A boy named Rover

What do you call the baby when all the good names have gone to the dogs?

Published March 8, 2002 8:23PM (EST)

I checked my voice mail this morning, and in between the one from my mother and the one from my boss was one from my husband. You wouldn't have been able to tell it was Ray, but I could. No one else would hold the cellphone up to the car radio for a full 30 seconds to record Neil Diamond singing "Cracklin' Rosie."

Ray is no Neil Diamond fan, but he loves the name Rosy. We both do. I like AC/DC about as much as Ray likes Neil, but I'll always keep the dial on "Whole Lotta Rosie."

The name Rose is beautiful. Classic, elegant, with a great nickname -- Rosy. And it's not too popular, only 294th on a list of girl names in the morning paper.

So you'd think that when our first child -- a daughter -- is born this summer, we'd have no trouble picking a name. But there is a problem: We've already got a Rosy in the house. A 5-year-old, 50-pound, sweet-faced, black-haired dog.

Much as I love Rosy -- both beast and title -- I can't name my child after a retriever-spaniel mix.

I haven't taken a survey, but still, I'm certain I've stumbled on a social phenomenon here. So many people are waiting longer to have children, and making dogs their pre-kid substitute, that there must be a rash of babies out there with second-choice names. How could anyone name their kid after their dog? (Or cat, for that matter. I never should have wasted the name Isabelle on the kitty.)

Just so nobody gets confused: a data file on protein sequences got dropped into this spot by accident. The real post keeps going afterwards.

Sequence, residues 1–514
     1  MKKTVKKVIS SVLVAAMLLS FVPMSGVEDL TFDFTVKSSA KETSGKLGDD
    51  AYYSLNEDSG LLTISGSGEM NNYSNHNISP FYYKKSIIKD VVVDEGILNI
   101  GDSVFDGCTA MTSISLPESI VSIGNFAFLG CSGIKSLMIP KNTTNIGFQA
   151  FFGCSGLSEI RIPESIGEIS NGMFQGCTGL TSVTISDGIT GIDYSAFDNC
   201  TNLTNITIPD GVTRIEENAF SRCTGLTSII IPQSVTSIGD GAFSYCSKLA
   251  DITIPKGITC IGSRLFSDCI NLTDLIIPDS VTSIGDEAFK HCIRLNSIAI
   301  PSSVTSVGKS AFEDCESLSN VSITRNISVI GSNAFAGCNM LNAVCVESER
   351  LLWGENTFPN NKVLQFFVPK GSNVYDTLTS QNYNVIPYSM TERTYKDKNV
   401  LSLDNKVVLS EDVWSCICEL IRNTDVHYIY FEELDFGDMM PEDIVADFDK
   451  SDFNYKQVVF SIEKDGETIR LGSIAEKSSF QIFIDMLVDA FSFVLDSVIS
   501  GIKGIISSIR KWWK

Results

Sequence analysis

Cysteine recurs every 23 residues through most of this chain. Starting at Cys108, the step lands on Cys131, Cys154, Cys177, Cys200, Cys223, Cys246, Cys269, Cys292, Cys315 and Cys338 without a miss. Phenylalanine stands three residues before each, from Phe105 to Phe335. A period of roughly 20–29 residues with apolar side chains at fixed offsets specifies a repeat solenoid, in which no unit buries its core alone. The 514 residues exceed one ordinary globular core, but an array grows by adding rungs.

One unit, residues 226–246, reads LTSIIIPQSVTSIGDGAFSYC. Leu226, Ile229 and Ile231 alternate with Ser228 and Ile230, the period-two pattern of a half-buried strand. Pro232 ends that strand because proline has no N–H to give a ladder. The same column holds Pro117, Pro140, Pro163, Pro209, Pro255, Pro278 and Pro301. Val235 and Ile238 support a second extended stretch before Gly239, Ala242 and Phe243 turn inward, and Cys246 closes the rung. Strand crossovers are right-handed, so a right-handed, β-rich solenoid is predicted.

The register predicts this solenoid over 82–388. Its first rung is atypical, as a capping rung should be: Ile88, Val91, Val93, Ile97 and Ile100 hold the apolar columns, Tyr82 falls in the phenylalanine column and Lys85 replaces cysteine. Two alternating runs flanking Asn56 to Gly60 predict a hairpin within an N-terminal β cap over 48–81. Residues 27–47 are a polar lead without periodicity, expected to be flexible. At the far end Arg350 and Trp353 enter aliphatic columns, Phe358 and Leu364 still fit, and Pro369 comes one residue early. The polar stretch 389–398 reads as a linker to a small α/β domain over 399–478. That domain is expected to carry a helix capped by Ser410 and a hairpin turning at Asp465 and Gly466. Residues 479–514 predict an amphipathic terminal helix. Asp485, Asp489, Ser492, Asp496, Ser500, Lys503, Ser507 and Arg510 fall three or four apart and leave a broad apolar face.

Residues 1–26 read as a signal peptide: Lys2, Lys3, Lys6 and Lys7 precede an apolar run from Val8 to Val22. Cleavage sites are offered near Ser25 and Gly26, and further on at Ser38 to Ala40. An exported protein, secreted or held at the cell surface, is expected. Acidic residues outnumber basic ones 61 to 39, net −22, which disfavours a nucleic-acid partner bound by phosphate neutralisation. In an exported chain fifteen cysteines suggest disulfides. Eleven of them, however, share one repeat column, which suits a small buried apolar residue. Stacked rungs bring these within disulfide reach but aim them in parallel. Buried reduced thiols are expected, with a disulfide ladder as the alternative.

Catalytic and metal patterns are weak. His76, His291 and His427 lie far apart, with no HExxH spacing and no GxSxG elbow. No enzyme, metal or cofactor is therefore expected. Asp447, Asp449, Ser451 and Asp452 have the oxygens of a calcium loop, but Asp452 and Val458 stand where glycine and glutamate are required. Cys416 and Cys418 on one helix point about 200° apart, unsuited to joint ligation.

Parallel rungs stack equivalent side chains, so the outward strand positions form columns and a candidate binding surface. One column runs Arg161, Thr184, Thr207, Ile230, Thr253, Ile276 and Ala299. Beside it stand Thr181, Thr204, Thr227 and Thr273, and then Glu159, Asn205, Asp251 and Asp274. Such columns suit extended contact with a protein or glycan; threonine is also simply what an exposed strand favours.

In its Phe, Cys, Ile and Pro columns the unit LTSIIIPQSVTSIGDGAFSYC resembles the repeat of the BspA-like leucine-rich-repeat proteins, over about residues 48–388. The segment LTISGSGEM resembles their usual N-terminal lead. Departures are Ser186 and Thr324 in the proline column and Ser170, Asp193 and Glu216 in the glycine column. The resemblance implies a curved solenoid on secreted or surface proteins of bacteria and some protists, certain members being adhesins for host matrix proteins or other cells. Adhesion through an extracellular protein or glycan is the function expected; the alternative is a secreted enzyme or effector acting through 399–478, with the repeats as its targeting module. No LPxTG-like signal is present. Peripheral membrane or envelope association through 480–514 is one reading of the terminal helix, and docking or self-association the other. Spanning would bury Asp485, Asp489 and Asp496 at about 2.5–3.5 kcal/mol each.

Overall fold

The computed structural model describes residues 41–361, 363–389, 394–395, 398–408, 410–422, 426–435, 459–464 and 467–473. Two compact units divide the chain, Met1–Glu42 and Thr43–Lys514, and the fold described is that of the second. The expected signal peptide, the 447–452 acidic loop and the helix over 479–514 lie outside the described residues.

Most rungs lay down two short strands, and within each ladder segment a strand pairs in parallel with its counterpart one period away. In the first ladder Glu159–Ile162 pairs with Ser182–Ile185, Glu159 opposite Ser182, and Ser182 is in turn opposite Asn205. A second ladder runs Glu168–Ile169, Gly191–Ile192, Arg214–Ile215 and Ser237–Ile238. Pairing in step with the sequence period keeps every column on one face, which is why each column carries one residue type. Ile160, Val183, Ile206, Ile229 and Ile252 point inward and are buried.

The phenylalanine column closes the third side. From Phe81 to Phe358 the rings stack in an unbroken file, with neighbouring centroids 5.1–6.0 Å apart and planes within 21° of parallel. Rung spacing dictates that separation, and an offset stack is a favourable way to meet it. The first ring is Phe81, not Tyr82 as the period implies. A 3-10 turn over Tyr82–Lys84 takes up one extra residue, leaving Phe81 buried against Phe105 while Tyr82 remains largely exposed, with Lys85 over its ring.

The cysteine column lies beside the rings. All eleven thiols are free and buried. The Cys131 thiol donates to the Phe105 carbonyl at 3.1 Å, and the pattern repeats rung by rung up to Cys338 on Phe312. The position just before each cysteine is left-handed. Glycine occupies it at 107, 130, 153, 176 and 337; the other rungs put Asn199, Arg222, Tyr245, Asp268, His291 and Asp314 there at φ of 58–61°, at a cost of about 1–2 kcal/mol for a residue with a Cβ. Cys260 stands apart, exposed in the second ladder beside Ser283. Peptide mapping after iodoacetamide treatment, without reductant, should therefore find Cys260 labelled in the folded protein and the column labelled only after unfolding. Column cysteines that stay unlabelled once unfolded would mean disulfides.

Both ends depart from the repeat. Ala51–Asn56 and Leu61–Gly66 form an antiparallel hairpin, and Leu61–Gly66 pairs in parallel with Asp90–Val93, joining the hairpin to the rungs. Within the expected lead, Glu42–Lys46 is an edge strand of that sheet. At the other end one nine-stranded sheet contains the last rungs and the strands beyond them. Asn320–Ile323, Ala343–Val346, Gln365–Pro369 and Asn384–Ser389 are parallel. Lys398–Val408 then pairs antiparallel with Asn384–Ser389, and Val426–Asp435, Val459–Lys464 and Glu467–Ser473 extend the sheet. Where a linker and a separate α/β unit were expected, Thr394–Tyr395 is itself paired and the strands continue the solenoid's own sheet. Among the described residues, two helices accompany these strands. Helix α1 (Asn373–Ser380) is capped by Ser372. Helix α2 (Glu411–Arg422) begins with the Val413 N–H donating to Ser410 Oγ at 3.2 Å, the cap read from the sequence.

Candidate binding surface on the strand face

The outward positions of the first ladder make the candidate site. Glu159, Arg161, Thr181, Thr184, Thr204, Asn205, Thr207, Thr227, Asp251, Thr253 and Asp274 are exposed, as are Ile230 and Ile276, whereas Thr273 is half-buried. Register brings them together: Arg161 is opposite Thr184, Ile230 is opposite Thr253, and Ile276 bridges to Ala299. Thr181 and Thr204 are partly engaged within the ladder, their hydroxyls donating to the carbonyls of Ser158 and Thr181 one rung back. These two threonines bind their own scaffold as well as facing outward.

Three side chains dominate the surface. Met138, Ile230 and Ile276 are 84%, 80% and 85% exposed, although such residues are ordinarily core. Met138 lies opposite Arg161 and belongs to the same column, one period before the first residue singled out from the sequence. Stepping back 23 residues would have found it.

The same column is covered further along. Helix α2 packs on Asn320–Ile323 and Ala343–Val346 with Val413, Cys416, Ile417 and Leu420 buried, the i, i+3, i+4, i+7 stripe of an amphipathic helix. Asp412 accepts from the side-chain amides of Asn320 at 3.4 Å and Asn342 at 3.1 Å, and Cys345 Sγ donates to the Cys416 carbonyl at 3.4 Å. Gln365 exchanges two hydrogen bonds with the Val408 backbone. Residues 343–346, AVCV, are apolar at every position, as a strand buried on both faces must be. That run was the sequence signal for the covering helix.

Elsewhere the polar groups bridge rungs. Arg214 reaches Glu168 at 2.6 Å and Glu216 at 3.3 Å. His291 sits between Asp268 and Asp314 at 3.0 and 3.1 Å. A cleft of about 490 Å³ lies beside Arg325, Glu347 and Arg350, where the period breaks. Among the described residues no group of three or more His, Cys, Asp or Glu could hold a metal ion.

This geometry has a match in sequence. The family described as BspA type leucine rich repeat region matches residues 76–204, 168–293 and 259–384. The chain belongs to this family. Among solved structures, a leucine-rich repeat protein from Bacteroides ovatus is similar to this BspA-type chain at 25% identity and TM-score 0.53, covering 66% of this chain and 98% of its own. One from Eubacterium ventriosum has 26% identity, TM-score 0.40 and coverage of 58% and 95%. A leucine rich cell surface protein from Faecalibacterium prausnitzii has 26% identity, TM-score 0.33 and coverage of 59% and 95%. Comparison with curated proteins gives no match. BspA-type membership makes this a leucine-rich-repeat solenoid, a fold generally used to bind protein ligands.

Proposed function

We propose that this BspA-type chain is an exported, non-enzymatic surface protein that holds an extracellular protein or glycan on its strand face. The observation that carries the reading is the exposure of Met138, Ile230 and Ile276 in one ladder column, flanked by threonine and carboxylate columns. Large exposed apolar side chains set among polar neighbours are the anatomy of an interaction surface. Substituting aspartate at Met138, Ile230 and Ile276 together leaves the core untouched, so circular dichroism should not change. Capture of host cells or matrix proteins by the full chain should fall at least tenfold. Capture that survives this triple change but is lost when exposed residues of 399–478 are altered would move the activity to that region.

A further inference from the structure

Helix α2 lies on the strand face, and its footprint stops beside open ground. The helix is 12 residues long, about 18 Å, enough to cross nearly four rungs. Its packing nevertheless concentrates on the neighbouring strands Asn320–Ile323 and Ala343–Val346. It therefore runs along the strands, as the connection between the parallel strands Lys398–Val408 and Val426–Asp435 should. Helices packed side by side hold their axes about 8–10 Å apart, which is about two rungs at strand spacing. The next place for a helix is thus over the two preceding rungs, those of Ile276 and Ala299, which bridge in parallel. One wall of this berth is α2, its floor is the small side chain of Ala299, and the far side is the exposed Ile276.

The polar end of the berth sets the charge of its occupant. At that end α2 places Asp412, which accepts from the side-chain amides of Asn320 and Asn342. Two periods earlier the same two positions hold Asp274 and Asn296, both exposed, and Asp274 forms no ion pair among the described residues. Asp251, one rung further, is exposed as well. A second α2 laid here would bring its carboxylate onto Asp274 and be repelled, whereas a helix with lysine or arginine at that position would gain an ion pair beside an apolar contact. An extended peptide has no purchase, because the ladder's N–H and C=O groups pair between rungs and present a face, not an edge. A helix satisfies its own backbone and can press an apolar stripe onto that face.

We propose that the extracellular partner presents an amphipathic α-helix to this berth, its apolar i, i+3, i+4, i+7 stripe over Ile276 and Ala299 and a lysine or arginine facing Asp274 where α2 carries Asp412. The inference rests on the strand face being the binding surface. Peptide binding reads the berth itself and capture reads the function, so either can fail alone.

For years, I've made secret fun of a second cousin who named her daughter Shayna. Shayna is a pretty name -- literally, it means "pretty" in Yiddish -- and Shayna is a pretty girl. But even now, with Shayna in her teens, I can't help but picture her namesake, the long-departed family Schnauzer, whenever I see her.

It's a dilemma. When I met Ray, he had a cat named Tigger. I like people names for animals, so Isabelle (nickname: Izzy) followed, then Rosy, then Elliot (dog) and Ernie (cat). Now all unavailable names. I suppose one solution may be to give your animal a human name that you could never give a kid. My friend Cindy named her cat Zoe, knowing if she has a kid it will have a B or an M name in honor of departed relatives. And my sister and her husband named their beagle Danny. A perfectly respectable name for dog or man as far as I'm concerned, but apparently not fit for their kid. My sister won't tell me why, except to say that it has something to do with a private joke in grad school.

So I can't name my daughter after the dog, but I do hope she has all of Rosy's attributes -- quiet, loyal, always wants to cuddle, yet playful, sweet and never bites. My child could even lick my leg when she's hungry or rip the stuffing out of her toys -- I'd probably love her all the more.

For now, we're getting our minds around a compromise. How bad could it be if we gave her Rose as a middle name? There it would be, a beautiful touch, but nestled where it wouldn't lead to too much embarrassment -- or confusion for the dog, a loyal girl who might be driven insane by the constant calls to attention.

By Amy Silverman

Amy Silverman is a staff writer for Phoenix New Times.

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